Erwin Blumenfeld (1897–1969) was a photographer and artist born in Germany.
Blumenfeld got his first camera in 1908, and with it he began photographing and developing. Although he had no formal education in this field, but he still thought of himself as a photographer.
In 1913, he started off his career by doing an apprenticeship with Sclochauer and Moses. During the first world war, he was drafted a driver of ambulance in the army. In 1923, he established his own store specializing in handbags for ladies in Amsterdam. It was called, Fox Leather Company.
In 1932, Erwin Blumenfeld found a darkroom completely equipped, so he began photographing the female clientele of this store. The first exhibition of his work was at a local gallery of Carl van Lier. After three years, Photographie, a French journal published a photo by him in their issue.
In 1936, his store went bankrupt and following this he went to Paris. The photographer was commissioned to make portraits of people who came from the art world, such as Henri Matisse and Georges Rouault. He did his first commercial project for Monsavon. During this time, he also took images of Cecil Beaton, Valeska Gert, Leonor Fini, François Mauriac, Yvette Guilbert, and Josephine Baker. Beaton was impressed by Blumenfeld and in 1937 got him into a contract with Vogue of France.
After his imprisonment in Vézelay, France and his reunion with his family – in 1941, they went to New York and on arrival Harper’s Bazaar hired him on a contract. He worked with Bazaar for three consecutive years and then started working as a freelancer for Vogue, America. For the next 15 years, his work was published on covers of Vogue and was featured in many other magazines like Life, Flair, and Look. At the same time, he did photography for a Minneapolis departmental store, Dayton’s. In addition, he also photographed for ad campaigns for clients belonging to the cosmetics industry, such as Helena Rubinstein, L’Oreal, and Elizabeth Arden.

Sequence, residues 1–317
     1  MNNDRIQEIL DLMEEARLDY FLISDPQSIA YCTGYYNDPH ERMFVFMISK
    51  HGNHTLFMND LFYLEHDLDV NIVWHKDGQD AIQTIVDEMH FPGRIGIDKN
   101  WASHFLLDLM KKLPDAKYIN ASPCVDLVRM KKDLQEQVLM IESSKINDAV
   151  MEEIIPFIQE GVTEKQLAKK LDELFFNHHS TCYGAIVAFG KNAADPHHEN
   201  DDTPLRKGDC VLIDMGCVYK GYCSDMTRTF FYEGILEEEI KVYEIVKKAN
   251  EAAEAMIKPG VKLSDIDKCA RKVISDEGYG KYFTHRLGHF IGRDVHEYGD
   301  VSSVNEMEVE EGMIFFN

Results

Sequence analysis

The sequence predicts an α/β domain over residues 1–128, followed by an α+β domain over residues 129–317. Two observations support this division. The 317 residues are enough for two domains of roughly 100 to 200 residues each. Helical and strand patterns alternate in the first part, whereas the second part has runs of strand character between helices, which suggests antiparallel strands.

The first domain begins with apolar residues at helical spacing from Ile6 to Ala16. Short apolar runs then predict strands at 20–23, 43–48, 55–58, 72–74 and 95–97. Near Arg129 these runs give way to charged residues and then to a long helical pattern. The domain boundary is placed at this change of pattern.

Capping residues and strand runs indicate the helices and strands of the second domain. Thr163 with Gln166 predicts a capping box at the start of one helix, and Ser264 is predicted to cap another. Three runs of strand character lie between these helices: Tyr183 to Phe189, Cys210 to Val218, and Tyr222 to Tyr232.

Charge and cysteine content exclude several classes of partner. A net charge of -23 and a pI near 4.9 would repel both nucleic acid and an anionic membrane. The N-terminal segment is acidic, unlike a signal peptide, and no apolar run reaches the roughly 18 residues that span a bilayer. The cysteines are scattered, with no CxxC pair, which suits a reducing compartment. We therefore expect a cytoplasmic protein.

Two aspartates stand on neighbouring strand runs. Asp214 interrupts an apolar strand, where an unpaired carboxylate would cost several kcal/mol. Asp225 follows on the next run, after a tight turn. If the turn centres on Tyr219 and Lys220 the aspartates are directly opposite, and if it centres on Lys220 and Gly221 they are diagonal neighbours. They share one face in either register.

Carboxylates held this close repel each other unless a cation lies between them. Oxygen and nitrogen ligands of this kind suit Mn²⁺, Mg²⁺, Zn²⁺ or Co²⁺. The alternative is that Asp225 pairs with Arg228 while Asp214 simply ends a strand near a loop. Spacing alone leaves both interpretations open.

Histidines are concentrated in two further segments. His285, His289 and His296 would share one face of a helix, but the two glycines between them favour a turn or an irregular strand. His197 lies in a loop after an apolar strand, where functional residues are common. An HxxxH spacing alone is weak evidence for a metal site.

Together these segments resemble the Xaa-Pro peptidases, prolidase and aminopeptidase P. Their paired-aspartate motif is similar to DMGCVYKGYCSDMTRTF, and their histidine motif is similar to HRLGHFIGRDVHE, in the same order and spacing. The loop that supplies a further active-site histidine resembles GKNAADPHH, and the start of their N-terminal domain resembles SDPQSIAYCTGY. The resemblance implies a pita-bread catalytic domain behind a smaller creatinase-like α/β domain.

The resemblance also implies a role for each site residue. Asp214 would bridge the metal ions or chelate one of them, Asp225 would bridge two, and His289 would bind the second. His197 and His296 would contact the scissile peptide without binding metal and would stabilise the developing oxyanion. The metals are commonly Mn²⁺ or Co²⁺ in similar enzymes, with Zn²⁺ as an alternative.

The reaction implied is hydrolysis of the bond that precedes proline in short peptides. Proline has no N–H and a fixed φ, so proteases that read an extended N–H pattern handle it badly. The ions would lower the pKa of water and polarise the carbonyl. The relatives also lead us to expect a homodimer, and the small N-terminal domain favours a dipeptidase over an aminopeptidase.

By the 1950s, it was reported that he was the highest paid photographers around the world. Many models worked with him and among them were Lisa Fonssagrives and Carmen Dell’Orefice. By late 50s, he also ventured in creating films, for commercial use. These motion pictures were usually aimed at his cosmetic clients.
The years close to his death were spent on My One Hundred Best Photos, his book that contained only four fashion photos by him and others were on various subjects.
Blumenfeld’s work was influenced by personalities like Man Ray, George Grosz, and Lucas Cranach. His fashion work was frequently in color while his work on other subjects were in monochrome. He used many different photography techniques, such as double exposure, sandwich printing, solarisation, veils and mirrors.